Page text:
UVA Researchers Seek Couples for Hand-Holding Study

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University of Virginia researchers are recruiting dozens of married couples to hold hands, in the name of science. Researchers will study the brain's chemical reaction in response to the touch of a loved one.

Sara Medina-Devilliers, the lab coordinator, is signing up happily married couples to study hand-holding. She's working with UVA clinical psychology researcher James Coan, who’s discovered the human brain responds differently to the emotion of worry with a partner's touch.

“One of the things we want to do is figure out how the brain takes those social relationships and transforms that into better health and well-being,” said Coan.

The research team is looking for 60 happy couples married more than two years to take part in the study.

While one spouse spends an hour inside the MRI, the other spouse, or a stranger, will be seated on that stool holding their hand. While in this room, technicians monitor all of their brain activity.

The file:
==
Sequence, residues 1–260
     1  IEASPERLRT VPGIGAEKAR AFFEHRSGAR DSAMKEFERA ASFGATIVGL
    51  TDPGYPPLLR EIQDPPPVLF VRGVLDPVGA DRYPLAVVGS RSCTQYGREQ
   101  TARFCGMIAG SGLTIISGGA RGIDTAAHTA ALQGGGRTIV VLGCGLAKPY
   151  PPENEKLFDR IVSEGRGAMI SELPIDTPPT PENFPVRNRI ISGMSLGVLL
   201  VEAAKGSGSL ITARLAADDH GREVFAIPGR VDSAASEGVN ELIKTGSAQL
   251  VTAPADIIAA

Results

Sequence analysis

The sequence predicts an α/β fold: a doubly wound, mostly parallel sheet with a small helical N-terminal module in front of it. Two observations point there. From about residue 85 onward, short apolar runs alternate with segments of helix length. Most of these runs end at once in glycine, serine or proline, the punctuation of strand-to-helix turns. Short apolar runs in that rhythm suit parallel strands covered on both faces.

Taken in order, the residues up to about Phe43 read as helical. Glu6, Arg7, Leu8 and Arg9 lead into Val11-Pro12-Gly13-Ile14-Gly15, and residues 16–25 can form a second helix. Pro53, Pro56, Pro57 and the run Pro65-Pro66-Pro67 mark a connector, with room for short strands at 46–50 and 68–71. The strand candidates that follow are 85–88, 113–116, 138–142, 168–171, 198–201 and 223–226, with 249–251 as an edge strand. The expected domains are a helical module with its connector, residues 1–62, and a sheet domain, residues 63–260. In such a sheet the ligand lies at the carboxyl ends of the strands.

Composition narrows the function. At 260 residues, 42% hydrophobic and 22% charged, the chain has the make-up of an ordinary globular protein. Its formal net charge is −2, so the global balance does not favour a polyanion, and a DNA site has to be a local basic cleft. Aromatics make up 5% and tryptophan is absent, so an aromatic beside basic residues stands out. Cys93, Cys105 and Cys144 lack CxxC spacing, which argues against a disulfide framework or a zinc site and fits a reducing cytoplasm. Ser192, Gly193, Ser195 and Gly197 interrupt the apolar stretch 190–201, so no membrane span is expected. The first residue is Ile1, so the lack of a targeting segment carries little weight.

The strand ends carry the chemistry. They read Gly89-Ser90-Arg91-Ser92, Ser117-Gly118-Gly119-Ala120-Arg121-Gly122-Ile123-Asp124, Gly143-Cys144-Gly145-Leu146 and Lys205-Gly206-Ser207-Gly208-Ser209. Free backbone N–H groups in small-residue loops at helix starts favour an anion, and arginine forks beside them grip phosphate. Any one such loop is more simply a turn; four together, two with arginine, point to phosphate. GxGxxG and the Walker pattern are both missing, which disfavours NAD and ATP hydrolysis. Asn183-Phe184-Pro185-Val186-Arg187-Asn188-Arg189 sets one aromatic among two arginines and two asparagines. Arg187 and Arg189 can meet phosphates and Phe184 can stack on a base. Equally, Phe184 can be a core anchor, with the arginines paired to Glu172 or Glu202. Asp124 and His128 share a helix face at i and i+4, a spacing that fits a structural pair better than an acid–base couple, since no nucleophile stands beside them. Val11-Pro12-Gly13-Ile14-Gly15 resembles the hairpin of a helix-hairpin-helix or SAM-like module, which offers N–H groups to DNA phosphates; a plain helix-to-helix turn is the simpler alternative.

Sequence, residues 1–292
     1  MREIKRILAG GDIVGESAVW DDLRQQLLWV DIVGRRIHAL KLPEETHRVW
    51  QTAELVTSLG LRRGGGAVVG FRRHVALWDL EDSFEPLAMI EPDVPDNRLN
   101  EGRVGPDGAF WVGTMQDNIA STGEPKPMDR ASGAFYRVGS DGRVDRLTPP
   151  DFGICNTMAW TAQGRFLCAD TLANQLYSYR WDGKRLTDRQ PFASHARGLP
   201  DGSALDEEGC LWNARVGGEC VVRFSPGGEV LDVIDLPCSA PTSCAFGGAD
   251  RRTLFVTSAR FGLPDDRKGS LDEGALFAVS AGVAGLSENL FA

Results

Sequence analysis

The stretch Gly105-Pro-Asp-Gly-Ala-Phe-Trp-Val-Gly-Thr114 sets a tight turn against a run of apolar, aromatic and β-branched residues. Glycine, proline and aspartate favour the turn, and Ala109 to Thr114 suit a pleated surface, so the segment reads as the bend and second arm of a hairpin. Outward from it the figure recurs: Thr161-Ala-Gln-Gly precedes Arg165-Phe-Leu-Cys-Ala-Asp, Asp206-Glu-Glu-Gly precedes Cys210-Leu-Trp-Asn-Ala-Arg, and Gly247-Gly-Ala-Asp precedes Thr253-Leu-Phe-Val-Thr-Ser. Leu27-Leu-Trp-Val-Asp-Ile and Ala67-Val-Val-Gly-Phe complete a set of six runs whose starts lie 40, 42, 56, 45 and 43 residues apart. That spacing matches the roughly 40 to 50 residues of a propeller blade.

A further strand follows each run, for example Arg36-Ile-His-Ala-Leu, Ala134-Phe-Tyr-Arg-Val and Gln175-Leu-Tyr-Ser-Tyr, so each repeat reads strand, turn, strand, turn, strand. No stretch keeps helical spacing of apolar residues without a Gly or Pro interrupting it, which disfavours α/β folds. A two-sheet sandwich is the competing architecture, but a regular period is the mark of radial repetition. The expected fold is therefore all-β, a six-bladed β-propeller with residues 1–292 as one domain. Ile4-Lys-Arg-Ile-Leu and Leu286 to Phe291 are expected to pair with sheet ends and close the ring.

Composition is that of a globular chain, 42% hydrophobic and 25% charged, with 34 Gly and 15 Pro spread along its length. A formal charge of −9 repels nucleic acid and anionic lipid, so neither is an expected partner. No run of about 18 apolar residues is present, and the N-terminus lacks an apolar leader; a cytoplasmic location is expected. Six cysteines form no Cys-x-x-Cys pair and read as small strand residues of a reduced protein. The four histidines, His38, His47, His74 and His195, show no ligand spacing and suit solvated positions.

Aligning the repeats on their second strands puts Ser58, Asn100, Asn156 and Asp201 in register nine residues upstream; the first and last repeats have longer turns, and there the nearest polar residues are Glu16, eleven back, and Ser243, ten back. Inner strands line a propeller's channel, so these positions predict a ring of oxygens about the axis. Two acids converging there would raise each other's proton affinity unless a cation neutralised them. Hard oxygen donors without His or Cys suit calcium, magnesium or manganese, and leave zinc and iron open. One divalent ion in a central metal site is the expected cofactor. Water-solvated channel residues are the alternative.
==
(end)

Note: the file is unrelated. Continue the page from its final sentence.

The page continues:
A signal inside the MRI will alert the spouse who's being monitored that a mild electric shock may be coming.

“There are parts of your brain that when your partner is getting shocked, you think of it as yourself getting shocked,” said Medina-DeVilliers.

Medina-Devilliers and Coan believe an act as simple as hand-holding triggers chemicals in the brain that could be used in therapy to improve relationships.

“It really is something that contributes to our scientific understanding of how relationships work, why they work the way they do,” said Coan.

Each couple will spend about three hours with the research team. UVA is enrolling couples now to complete the study by the end of the year.

For more information, or to participate, click here.

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